You can see from this quick analysis that the highest priced house available, while costing more, will cash flow you a greater amount. This not only helps you identify that the area is in a good rental market, but that this specific property is a good investment.
How to Conduct a Quick Rental Analysis
Let’s assume that you don’t have the time to conduct a full rental market analysis and you just want to come up with a quick rental analysis. You will need to know what the comparable properties are charging for rent and what amenities they have, as well as occupancy rates and your carrying costs.
Since you’re short on time, you can just make a few notes on the neighborhood, the amenities, comparable rents and occupancy rates. A general rule of thumb is the 1% rule. You should charge rent in the amount of 1% of the value of the rental property. However, this is an aggressive rule and we recommend something between 0.5 – 0.8% of the value.
For example, if you purchased a rental property for $500,000, then you would charge between $2,500 and $4,000 per month. For more information on setting the rental price for short-term rentals, rooms and investment properties, read our article on How Much Should I Charge for Rent.
“Analyze the location of your rental market. Ask yourself the following: How many rental apartments are in my location? What are the rent prices going for in my area? What kind of rental property do I want to manage (single-family, studio, multi-family, etc.) Being prepared and having a good knowledge of your area will help when determining the rent.” – Chris Molinari, Digital Content Coordinator, Rentometer.com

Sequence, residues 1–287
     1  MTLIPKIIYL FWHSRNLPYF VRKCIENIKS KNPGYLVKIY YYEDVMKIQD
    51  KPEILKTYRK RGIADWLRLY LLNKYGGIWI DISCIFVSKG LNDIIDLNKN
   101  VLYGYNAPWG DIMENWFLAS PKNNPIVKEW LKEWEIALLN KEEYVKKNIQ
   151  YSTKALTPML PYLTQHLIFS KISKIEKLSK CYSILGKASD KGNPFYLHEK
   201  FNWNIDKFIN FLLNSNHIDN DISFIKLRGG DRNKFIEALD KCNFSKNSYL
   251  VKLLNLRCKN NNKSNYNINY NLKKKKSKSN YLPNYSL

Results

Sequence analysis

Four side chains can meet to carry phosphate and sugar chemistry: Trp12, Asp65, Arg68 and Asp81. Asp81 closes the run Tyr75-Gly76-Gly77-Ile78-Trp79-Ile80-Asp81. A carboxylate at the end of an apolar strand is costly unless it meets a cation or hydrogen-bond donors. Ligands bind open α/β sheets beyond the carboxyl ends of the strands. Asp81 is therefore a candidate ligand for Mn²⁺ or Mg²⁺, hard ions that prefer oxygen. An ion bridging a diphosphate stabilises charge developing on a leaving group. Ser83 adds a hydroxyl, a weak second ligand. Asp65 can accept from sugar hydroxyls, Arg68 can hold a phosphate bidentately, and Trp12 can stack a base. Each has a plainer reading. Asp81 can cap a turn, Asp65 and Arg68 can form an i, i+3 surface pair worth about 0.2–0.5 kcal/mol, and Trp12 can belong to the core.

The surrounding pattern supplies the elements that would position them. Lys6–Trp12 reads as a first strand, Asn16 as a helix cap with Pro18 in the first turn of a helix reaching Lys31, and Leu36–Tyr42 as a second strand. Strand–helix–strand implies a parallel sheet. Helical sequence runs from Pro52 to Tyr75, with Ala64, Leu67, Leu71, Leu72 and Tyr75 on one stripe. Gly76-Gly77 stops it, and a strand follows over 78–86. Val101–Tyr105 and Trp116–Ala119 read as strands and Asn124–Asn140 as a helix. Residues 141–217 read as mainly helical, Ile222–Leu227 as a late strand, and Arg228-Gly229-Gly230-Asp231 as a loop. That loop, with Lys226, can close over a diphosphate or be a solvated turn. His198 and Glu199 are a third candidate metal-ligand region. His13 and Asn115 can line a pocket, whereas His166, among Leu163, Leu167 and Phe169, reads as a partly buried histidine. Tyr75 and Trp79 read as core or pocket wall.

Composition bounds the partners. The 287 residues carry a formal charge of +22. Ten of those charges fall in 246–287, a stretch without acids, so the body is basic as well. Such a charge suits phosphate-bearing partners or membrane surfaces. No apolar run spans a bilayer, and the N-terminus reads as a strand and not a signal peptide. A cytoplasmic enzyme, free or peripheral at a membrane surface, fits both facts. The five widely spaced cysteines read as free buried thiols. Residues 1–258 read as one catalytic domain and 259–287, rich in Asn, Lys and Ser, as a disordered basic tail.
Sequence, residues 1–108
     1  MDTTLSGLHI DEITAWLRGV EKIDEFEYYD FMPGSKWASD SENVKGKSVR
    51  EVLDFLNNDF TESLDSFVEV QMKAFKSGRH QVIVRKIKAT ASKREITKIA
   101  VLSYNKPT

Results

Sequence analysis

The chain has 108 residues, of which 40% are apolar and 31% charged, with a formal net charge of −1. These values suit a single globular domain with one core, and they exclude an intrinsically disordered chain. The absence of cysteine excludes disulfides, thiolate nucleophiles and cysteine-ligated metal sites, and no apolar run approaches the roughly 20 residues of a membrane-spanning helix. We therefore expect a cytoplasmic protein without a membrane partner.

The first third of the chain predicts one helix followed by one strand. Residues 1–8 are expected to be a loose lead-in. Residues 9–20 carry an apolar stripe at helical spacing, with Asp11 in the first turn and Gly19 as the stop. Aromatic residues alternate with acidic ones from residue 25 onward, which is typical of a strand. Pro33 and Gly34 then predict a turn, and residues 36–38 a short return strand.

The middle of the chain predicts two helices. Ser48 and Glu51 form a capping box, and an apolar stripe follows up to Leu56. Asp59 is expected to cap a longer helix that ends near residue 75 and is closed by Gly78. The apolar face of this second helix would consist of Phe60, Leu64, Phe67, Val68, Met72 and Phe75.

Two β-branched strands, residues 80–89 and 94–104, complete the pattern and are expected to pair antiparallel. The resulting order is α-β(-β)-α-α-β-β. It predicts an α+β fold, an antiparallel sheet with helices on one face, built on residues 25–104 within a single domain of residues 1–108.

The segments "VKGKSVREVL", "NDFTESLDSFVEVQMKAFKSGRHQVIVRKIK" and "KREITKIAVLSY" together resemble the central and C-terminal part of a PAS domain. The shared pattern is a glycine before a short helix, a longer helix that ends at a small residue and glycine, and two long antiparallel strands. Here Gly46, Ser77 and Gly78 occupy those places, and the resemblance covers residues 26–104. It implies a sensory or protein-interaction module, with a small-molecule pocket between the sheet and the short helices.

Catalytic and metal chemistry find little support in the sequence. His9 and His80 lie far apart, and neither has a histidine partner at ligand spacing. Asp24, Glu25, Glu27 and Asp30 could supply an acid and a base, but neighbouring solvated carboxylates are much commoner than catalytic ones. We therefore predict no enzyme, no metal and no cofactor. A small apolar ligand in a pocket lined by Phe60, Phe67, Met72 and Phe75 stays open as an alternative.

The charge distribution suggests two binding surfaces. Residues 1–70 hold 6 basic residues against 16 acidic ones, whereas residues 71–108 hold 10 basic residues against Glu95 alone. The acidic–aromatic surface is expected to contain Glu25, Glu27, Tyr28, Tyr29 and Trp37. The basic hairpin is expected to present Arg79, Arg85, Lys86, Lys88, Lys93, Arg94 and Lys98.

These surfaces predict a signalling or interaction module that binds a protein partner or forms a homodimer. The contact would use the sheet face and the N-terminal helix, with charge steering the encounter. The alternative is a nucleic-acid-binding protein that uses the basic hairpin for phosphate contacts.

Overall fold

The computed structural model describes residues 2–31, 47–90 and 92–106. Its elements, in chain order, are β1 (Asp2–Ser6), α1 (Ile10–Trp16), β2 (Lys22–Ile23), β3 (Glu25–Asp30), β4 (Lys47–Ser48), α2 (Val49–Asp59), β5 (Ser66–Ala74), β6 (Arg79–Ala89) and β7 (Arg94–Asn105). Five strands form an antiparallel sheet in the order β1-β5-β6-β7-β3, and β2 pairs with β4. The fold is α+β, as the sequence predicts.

Quick Rental Analysis Example
Let’s assume you want to figure out how much a particular unit should rent for by comparing it to two other units in the area. For example, if comparable property “A” charges $3,000 per month and has a 90% occupancy rate, then it’s probably priced right since it has a high occupancy rate. If the unit next door, property “B,” charges $3,700 per month and only has a 60% occupancy rate, it’s fair to say it may be overpriced.
Unit A takes in $32,400 in gross yearly rent and unit B takes in $28,800 in gross yearly rent. We figured this out by taking the monthly rent and multiplying it by 12 (since there are 12 months in the year) and then multiplying that by the occupancy percentage.
Keep in mind, however, that there are more factors to consider when conducting a rental market analysis, but comparable properties, occupancy rates and taking amenities into consideration are the main ones for a quick analysis. These can be used in addition to the 1% rule or if the 1% rule doesn’t fit your property based on the comps’ rental prices.
Frequently Asked Questions (FAQs)
What Is the Average Rent in the U.S.?
What Is an Implicit Rental Rate?
An implicit rental rate has little to do with a rental market analysis, but it’s a frequently asked question. It’s the opportunity cost that a business incurs by using their own assets for business operations. The implicit rental rate is a commonly searched phrase, but doesn’t pertain to an RMA.
A rental market analysis is a valuable tool for real estate investors. It helps them determine the fair rental value of their unit by comparing it to other units in the area and taking the amenities in the building and in the area into consideration. A rental market analysis is important so you set a price that will attract renters and still cover your carrying costs.
After you conduct an RMA and figure out if the property is a good purchase, you’ll want to get an investment property loan to purchase the desired property. This is where Visio Lending comes in. They offer a streamlined online application process and competitive rates for prime borrowers.